"That first one wasn't aimed to kill ya," Evan sneered back. "I need to have a word with ya first. That's why I aimed for your knee. I didn't think you knew I was on ya, but I should have figured that from a delver." He said the last word with absolute disgust; as if there was nothing worse he could call someone.

     "I was on to you long before I built this fire," Ryson scoffed, hoping to demean the tracker, for he understood the hate in Evan Chase's words and in his eyes. "Even with a shag to distract me, I sensed you. None of your kind can hide from a true delver." He said it proudly and watched with satisfaction as Chase's eyes burned.

     "My kind? You watch your mouth."

     "Let's get on with this," Ryson demanded with his own look of disdain. His expression made it clear he found the encounter tiresome, annoying. "You can try firing arrows at me all night, that's if I let you, but you still won't hit me. You know it and I know it."

     "Maybe I do, and maybe I don't." With long practiced precision and swiftness, the tracker pulled the bow string fully back and let the second arrow fly. It passed harmlessly into the darkness beyond the range of the firelight. Ryson was a full stride away by the time it passed where he had been standing. The quickest movements of even the fastest humans appeared as slow motion to the delver.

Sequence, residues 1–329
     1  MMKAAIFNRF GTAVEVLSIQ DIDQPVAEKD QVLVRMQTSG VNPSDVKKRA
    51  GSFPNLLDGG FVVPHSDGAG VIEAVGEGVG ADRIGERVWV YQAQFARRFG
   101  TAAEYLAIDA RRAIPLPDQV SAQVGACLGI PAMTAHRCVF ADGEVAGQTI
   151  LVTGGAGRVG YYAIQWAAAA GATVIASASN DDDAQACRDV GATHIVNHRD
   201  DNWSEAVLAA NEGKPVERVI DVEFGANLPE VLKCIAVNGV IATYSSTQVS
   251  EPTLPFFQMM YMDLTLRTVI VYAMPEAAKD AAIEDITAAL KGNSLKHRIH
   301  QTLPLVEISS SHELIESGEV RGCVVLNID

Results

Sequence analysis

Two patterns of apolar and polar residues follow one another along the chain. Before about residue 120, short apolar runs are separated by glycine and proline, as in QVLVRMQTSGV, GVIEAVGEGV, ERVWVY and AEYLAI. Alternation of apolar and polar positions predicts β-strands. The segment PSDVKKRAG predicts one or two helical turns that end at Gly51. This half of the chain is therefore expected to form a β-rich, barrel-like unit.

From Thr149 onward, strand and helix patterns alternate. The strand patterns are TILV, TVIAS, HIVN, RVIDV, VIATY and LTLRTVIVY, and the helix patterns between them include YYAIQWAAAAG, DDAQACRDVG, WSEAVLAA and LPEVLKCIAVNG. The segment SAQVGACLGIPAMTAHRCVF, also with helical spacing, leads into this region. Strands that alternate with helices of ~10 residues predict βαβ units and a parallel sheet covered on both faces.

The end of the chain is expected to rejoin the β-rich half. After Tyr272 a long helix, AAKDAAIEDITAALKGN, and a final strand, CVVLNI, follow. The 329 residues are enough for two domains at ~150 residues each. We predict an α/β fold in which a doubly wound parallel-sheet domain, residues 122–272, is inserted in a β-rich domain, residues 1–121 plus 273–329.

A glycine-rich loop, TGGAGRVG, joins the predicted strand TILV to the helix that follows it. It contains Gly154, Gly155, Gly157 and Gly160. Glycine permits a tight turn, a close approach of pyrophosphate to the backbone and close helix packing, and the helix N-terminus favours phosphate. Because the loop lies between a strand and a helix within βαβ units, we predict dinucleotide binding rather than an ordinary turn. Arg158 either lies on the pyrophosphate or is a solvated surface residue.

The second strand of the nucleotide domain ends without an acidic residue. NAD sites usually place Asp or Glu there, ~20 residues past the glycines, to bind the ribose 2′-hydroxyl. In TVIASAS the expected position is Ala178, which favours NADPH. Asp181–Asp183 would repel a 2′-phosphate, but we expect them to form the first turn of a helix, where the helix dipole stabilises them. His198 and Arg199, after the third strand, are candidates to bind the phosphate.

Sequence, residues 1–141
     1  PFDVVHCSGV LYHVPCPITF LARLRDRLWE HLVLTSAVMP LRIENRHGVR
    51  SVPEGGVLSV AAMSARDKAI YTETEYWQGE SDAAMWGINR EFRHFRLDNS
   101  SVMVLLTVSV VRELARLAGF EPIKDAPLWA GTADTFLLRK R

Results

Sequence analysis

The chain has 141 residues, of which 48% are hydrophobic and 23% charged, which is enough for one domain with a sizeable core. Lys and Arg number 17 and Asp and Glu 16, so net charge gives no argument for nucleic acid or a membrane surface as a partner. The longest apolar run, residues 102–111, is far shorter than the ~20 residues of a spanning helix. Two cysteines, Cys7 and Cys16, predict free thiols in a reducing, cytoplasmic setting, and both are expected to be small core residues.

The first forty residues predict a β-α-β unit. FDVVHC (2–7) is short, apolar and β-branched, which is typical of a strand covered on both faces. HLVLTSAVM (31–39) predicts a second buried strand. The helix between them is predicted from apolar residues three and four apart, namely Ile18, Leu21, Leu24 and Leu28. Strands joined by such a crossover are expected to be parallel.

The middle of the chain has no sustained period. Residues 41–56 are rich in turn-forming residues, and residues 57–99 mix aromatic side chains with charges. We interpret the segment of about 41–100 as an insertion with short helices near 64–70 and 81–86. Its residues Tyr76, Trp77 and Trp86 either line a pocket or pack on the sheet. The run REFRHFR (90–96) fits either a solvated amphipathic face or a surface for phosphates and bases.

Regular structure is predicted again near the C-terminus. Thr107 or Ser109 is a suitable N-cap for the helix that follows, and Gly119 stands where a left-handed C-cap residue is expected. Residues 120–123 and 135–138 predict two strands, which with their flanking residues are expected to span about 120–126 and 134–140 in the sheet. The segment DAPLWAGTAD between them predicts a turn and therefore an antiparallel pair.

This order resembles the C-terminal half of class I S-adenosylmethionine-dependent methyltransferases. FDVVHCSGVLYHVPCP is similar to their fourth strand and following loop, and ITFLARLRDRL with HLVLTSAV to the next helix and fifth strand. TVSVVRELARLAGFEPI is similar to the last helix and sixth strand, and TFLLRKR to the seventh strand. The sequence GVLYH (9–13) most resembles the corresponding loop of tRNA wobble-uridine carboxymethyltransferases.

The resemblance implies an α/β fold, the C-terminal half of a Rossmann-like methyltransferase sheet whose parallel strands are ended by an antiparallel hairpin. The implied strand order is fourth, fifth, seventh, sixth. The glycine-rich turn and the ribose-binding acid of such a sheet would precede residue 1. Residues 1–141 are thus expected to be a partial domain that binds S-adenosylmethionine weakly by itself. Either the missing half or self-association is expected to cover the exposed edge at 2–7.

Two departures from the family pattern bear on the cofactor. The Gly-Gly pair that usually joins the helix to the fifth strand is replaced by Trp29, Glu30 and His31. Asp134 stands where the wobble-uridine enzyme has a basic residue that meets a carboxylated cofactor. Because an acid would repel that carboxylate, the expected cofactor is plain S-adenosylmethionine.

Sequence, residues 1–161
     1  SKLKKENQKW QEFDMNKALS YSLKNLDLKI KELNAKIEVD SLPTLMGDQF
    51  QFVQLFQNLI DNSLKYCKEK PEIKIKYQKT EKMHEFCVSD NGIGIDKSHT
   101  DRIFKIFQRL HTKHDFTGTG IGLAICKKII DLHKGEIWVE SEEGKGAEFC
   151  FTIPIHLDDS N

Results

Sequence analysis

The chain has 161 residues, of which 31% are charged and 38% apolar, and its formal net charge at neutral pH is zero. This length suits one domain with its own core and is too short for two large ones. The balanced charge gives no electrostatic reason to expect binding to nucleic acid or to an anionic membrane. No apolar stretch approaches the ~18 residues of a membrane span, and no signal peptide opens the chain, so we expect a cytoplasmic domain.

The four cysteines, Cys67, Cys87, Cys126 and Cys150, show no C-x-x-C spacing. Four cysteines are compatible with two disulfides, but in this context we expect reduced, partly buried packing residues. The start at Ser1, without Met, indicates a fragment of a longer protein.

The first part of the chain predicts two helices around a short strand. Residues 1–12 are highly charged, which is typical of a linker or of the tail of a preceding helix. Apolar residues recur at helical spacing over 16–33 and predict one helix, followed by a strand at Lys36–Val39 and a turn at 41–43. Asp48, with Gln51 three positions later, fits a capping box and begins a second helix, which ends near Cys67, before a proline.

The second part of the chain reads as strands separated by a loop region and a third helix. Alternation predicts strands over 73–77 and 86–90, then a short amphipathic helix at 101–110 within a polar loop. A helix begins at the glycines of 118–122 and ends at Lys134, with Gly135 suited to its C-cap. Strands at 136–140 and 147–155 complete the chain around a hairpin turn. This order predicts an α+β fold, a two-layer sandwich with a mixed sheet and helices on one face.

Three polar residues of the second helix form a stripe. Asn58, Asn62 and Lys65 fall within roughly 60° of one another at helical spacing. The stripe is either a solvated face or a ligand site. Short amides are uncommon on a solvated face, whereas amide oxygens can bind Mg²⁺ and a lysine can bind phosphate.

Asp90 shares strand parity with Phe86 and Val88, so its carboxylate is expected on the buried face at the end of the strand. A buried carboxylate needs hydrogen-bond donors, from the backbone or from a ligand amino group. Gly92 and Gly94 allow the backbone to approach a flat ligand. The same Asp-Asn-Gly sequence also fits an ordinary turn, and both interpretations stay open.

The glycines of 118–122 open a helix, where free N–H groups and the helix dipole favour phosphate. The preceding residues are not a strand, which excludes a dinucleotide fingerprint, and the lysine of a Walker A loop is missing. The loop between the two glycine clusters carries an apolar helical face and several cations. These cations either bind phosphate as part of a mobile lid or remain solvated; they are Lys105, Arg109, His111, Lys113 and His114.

Ryson grunted his disapproval at the pointless attempt. "Let's hope you know for sure now. I can move faster than you can think. That's obvious."

     Anger erupted in the face of the tracker. His cheeks turned crimson, noticeable even in the yellow and orange light of the fire. He tossed his bow to the ground and pulled a long hunting knife from a sheath of animal skin at his waist. The blade, nearly as long as Ryson's forearm, sparkled with sharpness. Chase gripped the brown wooden handle with furious tension.

     Ryson laughed a hearty laugh. He kept his eyes on the tracker, but they glistened in enjoyment of the spectacle. "Now you're just being ridiculous. If I can dodge your arrows, don't you think I can dodge your pathetic attempts at trying to stab me?"

     The tracker grimaced but said nothing.

     Ryson allowed his own laughter to subside. He took a deep breath, allowed his mirth to drift back to serious concentration. His muscles tensed ever so slightly, as if preparing to spring upon his foe. Controlled determination filled his form. He glared at the tracker with intensity previously unmatched. Even the tracker with all his hate and prejudice retreated slightly from the scowl.

     "I'm not going to waste much more time with you. You said you wanted a word with me." Ryson's words tumbled from his mouth in a bitter snarl. "This is your chance. What is it you want?"